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George Lansbury

Historian AJP Taylor described George Lansbury as ‘the most lovable figure in modern politics’. To the people of his Bow and Poplar constituency he was a hero – going to prison to defend his beliefs and constituents.

Yet to others he was naïve, even seeing in Hitler a germ of Christian belief that could avert World War II, and continually missing out on political power because of his refusal to compromise his beliefs.

In a new biography, John Shepherd reconstructs the life of a complex figure who was all these things and more, a socialist who would be hard pressed to recognize the Labour Party of Tony Blair. For George Lansbury was ‘at the heart of Old Labour’.

George was born in Suffolk, in 1859, and his family moved to the East End nine years later. He started work in an office at 11 but, after a year, returned to school until he was 14. A string of jobs followed – clerk, wholesale grocer and work in a coffee bar among them. He then started his own business as a contractor working for the Great Eastern Railway. But the business failed and in 1884 Lansbury, now married with three children, decided to emigrate to Australia. The adventure didn’t last long, as the family found it difficult to settle. The following year they returned to England and George began work at his father-in-law’s timber merchants.

Lansbury’s bitter experience of emigration – he felt the authorities had painted a deliberately false and rosy picture of Australia – led him to politics. He joined the campaign against emigration policy.

In 1886 Lansbury joined the local Liberal Party, and was elected General Secretary of the Bow & Bromley Liberal Association. But he became disillusioned with the leadership’s refusal to support legislation for a shorter working week.

In fact Lansbury was becoming more enmeshed in radical East End politics. In 1889 he joined a local strike committee during the London Dockers Strike of that year. And in 1892, Lansbury established a branch of the Social Democratic Federation in Bow.

Then came a defiant move that foreshadowed ‘Poplarism’ 30 years later. In 1892 Lansbury was elected to the Board of Guardians that ran Poplar Workhouse. The traditional approach for guardians was to make poor relief as unpleasant as possible – the theory being generosity would encourage people to rely on the workhouse. Lansbury and his colleagues decided to change the system from within.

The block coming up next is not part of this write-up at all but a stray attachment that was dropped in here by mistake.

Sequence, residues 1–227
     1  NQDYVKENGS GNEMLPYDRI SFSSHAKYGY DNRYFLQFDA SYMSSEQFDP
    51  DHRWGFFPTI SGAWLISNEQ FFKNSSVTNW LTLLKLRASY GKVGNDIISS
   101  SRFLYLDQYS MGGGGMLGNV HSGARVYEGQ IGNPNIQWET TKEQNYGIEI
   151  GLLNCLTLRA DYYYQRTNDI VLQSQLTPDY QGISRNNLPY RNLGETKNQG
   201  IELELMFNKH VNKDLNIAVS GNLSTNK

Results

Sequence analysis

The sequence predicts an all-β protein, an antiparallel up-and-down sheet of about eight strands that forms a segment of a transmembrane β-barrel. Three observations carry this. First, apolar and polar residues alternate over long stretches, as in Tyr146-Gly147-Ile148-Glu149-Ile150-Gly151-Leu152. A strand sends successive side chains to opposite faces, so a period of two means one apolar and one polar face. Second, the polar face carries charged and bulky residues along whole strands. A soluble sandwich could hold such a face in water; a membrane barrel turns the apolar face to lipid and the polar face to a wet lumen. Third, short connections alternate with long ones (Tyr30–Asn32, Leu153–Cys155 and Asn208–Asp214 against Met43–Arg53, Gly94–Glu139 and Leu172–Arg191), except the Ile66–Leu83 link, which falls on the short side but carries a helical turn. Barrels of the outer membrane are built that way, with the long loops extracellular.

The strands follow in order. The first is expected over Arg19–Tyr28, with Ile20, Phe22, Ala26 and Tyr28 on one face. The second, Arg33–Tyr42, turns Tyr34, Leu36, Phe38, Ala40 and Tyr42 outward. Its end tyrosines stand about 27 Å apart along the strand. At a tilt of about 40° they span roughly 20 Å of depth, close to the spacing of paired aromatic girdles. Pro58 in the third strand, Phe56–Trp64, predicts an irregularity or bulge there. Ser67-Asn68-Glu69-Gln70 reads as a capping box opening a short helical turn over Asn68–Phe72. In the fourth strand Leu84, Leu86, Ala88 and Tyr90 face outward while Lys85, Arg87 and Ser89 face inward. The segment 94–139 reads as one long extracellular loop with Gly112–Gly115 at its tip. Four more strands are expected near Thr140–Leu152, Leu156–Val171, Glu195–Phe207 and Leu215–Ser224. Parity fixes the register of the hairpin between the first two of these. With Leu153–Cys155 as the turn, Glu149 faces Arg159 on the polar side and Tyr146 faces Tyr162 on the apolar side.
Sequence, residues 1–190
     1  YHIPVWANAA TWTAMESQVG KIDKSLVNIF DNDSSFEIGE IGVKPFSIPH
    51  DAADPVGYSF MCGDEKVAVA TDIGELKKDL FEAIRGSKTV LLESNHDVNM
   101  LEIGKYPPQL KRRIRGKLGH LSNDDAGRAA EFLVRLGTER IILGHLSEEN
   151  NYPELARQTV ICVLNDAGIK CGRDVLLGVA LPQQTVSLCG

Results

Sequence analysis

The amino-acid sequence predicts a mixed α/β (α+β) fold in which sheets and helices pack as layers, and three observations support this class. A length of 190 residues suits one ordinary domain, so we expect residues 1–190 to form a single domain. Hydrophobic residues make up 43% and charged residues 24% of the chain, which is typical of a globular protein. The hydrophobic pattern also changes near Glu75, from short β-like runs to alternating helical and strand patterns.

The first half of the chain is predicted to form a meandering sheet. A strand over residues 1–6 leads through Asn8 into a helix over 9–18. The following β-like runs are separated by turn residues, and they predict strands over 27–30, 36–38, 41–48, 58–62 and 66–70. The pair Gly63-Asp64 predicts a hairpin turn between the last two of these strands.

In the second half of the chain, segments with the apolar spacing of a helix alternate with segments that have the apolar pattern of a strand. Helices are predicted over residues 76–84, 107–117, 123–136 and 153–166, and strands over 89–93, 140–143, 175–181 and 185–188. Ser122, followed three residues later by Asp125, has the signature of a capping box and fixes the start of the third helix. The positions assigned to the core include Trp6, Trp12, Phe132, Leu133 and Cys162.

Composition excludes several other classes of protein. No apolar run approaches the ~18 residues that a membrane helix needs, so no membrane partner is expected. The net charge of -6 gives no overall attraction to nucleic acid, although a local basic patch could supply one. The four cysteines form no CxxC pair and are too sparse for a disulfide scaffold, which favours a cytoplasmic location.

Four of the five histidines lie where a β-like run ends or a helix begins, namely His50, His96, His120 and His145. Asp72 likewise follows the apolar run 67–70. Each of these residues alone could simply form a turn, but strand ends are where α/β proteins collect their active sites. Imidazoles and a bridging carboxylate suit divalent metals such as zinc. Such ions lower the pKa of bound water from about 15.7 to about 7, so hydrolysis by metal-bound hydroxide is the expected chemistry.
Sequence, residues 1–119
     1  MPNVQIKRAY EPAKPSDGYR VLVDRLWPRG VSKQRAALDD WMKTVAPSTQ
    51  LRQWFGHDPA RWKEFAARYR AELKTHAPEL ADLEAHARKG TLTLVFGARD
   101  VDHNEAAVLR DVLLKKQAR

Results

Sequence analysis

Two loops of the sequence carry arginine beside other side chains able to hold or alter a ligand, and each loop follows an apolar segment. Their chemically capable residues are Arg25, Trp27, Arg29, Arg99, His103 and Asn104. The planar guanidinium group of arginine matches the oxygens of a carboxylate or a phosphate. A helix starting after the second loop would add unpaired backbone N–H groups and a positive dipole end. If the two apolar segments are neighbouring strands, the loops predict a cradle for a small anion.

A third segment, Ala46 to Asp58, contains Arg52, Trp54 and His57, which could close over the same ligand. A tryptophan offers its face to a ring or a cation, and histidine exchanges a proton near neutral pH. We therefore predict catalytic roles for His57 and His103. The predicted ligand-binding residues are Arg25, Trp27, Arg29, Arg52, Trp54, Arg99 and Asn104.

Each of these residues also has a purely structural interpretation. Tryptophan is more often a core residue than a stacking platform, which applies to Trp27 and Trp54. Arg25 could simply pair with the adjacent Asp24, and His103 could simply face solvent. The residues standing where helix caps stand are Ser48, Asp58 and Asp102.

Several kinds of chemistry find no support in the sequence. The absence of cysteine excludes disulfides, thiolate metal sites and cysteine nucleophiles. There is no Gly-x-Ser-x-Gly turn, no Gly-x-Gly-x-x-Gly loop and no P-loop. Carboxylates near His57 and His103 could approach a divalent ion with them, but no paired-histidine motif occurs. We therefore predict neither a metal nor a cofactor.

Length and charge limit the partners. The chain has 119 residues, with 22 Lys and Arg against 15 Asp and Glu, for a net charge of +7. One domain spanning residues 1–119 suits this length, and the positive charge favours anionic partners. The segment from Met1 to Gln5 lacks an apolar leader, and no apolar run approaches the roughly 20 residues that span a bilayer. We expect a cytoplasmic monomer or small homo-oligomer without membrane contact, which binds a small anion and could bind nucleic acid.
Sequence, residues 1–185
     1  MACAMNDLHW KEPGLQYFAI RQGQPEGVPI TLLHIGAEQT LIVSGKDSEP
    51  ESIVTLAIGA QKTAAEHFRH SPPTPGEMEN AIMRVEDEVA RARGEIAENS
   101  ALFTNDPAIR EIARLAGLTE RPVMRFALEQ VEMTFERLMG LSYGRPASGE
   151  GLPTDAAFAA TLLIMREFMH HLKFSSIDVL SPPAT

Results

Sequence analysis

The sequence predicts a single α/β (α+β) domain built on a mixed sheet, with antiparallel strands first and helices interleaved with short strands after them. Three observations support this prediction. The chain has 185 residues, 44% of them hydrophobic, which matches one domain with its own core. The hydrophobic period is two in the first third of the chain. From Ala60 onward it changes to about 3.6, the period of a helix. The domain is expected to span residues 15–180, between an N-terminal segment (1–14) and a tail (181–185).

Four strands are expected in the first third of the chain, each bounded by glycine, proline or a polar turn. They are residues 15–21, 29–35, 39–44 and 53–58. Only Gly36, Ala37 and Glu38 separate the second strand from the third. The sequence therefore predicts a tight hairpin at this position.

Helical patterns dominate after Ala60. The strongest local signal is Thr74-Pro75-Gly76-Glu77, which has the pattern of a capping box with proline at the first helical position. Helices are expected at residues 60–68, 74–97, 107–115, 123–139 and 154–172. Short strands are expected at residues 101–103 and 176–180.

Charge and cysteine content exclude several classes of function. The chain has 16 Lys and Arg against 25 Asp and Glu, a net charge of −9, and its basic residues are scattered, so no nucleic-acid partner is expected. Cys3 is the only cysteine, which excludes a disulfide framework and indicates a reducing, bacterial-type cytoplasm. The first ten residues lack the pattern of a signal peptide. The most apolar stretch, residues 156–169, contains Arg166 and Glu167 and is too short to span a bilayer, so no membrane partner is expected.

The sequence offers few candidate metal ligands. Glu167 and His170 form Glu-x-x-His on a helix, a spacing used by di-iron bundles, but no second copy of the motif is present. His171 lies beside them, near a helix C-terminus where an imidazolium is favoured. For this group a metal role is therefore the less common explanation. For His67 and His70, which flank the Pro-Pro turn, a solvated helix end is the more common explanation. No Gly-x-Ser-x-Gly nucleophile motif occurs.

Over the next years the conditions in the Poplar Workhouse improved dramatically. And the Laindon Farm Colony, near Basildon, taught unemployed men the basics of market gardening and got many back to work. It wasn’t popular with the government, who in 1906 were to order an inquiry into the wasting of ratepayers’ funds on the projects. Lansbury and his fellows refused to back down, and the government relented.

After three unsuccessful shots at Parliament, Lansbury was finally elected in 1910, as Labour MP for Bow & Bromley. As ever, he pushed tough causes. He campaigned in Parliament for votes for women. In October, 1912, Lansbury decided to draw attention to the plight of Suffragette prisoners by resigning his seat and fighting a by-election on votes for women. He lost, and the following year was imprisoned for making speeches in favour of suffragettes.

For ten years Lansbury was out of the House of Commons and concentrated on journalism, helping found the Daily Herald in 1911. The paper opposed Britain entering the First World War. Then, in 1921 he became Mayor of Poplar.

Defying government, the council raised the rate to increase poor relief. Lansbury and most of the local council went to prison for four months for their stance. In fact Lansbury was often at odds with the Labour Party. He was to the left of the party leaders. And when Ramsay MacDonald formed a National Government in 1931 to combat Britain’s economic crisis, Lansbury resigned and became the leader of a Labour opposition. He was to resign again – criticised by party members for his pacifist stance on the brewing World War II.

His views were to lead him to Berlin, and talks with Hitler, then on to Mussolini, both of whom led him to believe they would enter talks to avoid war.

Another East Ender succeeded Lansbury as Labour leader. Clement Attlee looked back on his predecessor in 1954. ‘An evangelist rather than a Parliamentary tactician. Yet during those years in which he led the small Party in the House he showed great skill and powers of everyday leadership. A leading Conservative once replied to a Labour Member who said he thought George one of the best men he had known – “The best! Is that all? He’s the ablest Opposition Leader I have ever known.”‘

George Lansbury died on May 7, 1940.

George Lansbury – at the heart of Old Labour by John Shepherd, £35 hardback, Oxford University Press, ISBN 0198201648

 

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